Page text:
While sheets fed from the lower tray are advanced directly into the register stop rolls, the sheet fed from the upper tray being at a more remote location must be delivered first into a constantly moving set of supplementary drive rolls 140 and 141 which further advance the sheet along the guided path of travel shown in FIG. 2 into the registration station.
To duplex, the operator first insures that the upper tray is emptied of all copy sheets, a first original is placed upon the copyboard prior to the duplex mode of operation selected. Selection of the duplex mode of operation causes a solenoid SOL-l (FIG. 5, 6) to be energized pulling down link 210. The downward motion of the link causes the lever arm to be rotated about stud 199 forcing flexible member 203 into biasing contact with a crank arm 204. The crank arm 204 is provided with an arcuate-shaped elongated hole 205 having a notch (not shown) machined in the bottom wall thereof. A dependent arm 207 on the cam follower carried a drive pin 206 which is arranged to pass through the elongated slotted hole provided in the crank arm. Normally the pin will rise freely along the top surface of the slotted hole 205 wherein the crank arm remains relatively stationary as the follower arm is rocked by the continually rotating cam 213. However, as flexible member 203 is forced upwardly by the energized solenoid SOL-1, pin 206 is forced to ride along the bottom surface of the slotted hole. Pin 206 falls into the notch provided in the lower surface of the slotted hole and is held therein by the pressure exerted by flexible arm 203. Further motion of the cam is then translated directly to the crank arm through the follower arm 208, which is biased in a continuous contact with the cam face by spring 198, causing the crank to reciprocate back and forth in substantially a horizontal direction.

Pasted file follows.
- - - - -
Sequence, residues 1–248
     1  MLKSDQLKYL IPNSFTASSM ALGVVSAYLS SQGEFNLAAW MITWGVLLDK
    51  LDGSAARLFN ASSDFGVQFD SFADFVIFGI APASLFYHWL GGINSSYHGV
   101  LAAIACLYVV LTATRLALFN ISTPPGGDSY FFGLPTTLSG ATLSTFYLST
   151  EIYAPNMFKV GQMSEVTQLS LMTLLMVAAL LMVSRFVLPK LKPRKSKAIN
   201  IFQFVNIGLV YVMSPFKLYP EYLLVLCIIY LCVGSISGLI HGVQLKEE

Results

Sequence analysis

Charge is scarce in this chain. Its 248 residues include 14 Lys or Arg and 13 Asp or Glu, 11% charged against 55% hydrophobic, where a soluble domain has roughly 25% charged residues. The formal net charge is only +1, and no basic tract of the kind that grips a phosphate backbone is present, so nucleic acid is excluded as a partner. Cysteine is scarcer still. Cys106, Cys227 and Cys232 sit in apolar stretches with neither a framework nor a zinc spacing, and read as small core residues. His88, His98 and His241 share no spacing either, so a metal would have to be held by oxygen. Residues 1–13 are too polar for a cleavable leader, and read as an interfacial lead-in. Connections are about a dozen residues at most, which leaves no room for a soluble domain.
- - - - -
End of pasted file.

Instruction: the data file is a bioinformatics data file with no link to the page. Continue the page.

During the first reciprocating cycle of the crank arm, downwardly extended dependent projection 217 formed in the opposite end of the crank arm moves into engagement with a stub pin 218 securely staked to movable plate 220. The movable plate is pivotally mounted in machine frame 92 upon pivot pin 221. As the crank arm, as shown in FIG. 6, is driven forward, that is, to the right, toward a fully extended position, the movable plate is rotated in a clockwise direction. During this period, solenoid SOL-1 is continually held energized and continues to exert a downward pressure on the lever arm 202. As illustrated in FIG. 15, the arm, however, is initially prevented from swinging to a full down position by a stop pin 222 affixed in the lower portion of plate 220. Further movement of the crank arm, however, forces the stop pin 222 to be moved out of interference with the extended portion 196 of lever arm 202 allowing the solenoid to pull the lever arm to a full down position. Now, as the crank arm starts back from is fully extended position, the stop pin 222 moves into contact with the vertical surface 223 on the extended arrn 196 to latch movable plate 220 in a stationary position as illustrated in FIG. 6. The plate will remain in this latched position as long as solenoid SOL-l is held energized.